Of course, you’re free to rail on about whatever inadequacy you find most objectionable, and I might even agree with you about whatever it is that you’re saying, but it isn’t going to change the plight of a single homeowner… and that’s where I’ve chosen to draw my own personal line in my own personal sand.
I started this blog in 2008 to help homeowners get through the hell that I knew was ahead, by helping them understand more about what had happened and would happen going forward, and by helping to deliver meaningful solutions to the problems people would face.
I never wanted to merely write about things… I wanted to create a blog that would make things better for homeowners caught up in the financial and foreclosure crises… even if I could only help one person at a time.
In Defense of HAMP…Â
I donâ€™t like being in the position of having to defend the HAMP program… Iâ€™ve certainly criticized the program as much as anyone, and quite a bit more than most. Â But, the facts are:
- HAMP is the primary loan modification program we have in place today, and by any metric, it’s better today than its ever been before.
- HAMP has led to servicers developing in-house modification programs that have been used to modify millions of mortgages.
Not that there arenâ€™t significant problems, but HAMP is much better today… people do get loan modifications every single day.Â More than 80 percent of trial modifications today turn into permanent modifications, and thatâ€™s certainly a big step in the right direction.
And HAMP Tier 2, which just became available, is much better than HAMP 1, in the sense that itâ€™s easier to qualify for, and it allows rentals to be modified too. Â Also, if you’ve failed on a HAMP 1 modification, you can reapply for a new modification under HAMP 2. Â The problem is that it is more complicated… and you can see what I mean HERE.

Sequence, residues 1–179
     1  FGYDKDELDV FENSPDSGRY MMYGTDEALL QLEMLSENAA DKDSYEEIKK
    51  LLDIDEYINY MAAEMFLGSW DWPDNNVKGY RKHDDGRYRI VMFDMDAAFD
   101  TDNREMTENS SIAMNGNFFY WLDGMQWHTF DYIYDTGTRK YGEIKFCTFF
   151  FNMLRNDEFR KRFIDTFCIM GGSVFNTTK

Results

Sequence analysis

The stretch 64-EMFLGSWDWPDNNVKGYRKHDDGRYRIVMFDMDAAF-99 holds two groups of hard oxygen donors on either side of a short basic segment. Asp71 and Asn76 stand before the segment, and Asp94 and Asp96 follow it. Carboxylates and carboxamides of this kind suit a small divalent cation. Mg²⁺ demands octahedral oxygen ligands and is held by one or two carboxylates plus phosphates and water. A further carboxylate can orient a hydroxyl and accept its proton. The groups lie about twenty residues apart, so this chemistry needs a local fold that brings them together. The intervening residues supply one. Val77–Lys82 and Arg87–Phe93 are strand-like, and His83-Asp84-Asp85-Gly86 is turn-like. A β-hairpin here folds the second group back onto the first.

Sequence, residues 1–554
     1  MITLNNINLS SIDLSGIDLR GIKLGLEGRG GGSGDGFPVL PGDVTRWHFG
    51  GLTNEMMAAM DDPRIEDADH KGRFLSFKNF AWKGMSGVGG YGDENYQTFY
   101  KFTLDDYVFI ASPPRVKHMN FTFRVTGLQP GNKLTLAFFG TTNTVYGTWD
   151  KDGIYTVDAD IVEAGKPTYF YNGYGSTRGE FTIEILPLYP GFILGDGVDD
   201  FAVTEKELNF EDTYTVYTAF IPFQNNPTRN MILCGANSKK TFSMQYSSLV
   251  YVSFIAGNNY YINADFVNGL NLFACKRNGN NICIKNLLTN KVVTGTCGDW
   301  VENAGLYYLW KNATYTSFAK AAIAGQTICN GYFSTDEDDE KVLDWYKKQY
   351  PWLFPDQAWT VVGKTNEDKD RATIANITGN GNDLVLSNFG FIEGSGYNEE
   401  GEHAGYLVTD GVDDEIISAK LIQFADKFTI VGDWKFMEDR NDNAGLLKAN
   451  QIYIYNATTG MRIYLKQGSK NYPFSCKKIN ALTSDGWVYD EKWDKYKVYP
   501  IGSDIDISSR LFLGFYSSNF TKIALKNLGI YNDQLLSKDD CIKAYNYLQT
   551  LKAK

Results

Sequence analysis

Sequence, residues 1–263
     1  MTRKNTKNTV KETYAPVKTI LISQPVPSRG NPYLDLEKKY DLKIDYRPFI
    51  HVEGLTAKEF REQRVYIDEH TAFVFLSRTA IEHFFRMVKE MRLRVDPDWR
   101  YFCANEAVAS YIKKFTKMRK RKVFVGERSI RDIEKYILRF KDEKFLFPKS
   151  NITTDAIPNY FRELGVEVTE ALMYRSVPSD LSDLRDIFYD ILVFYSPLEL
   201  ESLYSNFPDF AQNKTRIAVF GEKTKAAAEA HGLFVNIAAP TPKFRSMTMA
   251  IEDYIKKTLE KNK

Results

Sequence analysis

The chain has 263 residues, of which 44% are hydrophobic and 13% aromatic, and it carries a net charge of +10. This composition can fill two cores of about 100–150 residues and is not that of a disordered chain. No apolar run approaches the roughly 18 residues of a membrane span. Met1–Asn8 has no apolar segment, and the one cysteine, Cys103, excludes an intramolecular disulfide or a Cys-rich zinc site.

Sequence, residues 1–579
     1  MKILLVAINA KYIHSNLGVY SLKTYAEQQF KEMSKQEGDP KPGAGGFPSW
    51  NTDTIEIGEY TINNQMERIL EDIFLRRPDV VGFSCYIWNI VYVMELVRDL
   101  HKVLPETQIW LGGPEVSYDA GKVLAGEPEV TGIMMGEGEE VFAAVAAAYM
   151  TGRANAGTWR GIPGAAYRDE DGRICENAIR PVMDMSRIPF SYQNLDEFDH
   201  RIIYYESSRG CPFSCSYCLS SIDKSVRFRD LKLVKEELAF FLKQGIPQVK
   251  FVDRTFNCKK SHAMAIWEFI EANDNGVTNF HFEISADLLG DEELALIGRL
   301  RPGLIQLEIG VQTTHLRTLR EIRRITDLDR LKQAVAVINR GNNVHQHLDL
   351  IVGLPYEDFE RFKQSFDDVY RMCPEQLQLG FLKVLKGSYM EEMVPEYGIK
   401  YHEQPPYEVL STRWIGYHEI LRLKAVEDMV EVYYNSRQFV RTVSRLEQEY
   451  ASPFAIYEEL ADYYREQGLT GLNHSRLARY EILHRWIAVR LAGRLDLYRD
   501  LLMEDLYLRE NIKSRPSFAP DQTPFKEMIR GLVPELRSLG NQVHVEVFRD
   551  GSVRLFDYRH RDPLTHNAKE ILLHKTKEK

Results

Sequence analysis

I guess what it comes down to is that Iâ€™m a pragmatist, in other wordsâ€¦ it is what it is – itâ€™s the best weâ€™ve got at the moment and for the foreseeable future.Â So, when a homeowner says they want to stay in their home no matter what, it would be dishonest and a disservice to say anything else but try to get your loan modified.
Beyond that, all I can do is try to prepare homeowners so they know what to expect, and if itâ€™s a servicer I know, I can often make sure they donâ€™t get lost in the system.
I can always refer them to a lawyer that I know is both ethical and experienced, so at least they wonâ€™t go searching online until they find someone who tells them what they want to hearâ€¦ before ripping them off in one way or the other. Â But the lawyers I know aren’t the type that represent just anyone for just any reason.
Iâ€™m not saying that HAMP is the best solution I could come up with, but under the circumstances, I donâ€™t see anything betterâ€¦ or frankly anything close as far as keeping people in homes. Â I end up helping a few hundred people a year, and I haven’t seen anyone lose a home yet.
Not that Iâ€™m an underwriter or any sort of loan processing expert.Â In fact, Iâ€™ve never applied for a loan modification myself, or helped anyone fill out a single piece of paper related to a loan modification.Â I wouldnâ€™t know where to begin as far as anything like that goes.
I provide something differentâ€¦ maybe itâ€™s reduced uncertaintyâ€¦ because when it comes to getting your loan modified, itâ€™s the uncertainty that will kill you.Â At least, I know whatâ€™s involved, what to expect, and for the most part, why things are the way they are.
At least I thought I did… Â
A couple of days ago, I learned something about loan modifications that I hadnâ€™t really known.Â And not some little thing eitherâ€¦ something that has changed the advice I offer to anyone applying for a loan modification.
1. The first thing involves knowing who owns your loan before you apply for a modification. Â If your loan is owned by either Fannie Mae or Freddie Mac, and roughly 60 percent of loans are, then it’s very easy to find out. Â The two links below will take you to Fannie and Freddie loan look-up tools, both are free and it only takes a few minutes to get your answer.
Just enter the very simple data fields. Â Fannie Mae’s only needs your address… Freddie Mac wants name, address and last four of the borrower’s Social Security number. Â Within a minute you’ll know whether your loan is owned by either of the failed mortgage giants.
There are a couple of reasons why you want to know whether Fannie or Freddie owns your loan. Â Â The most important one is that, assuming one of them does own your loan… then you can put the idea of getting a principal reduction completely out of your mind because it’s not going to happen… and it’s not your servicer’s fault.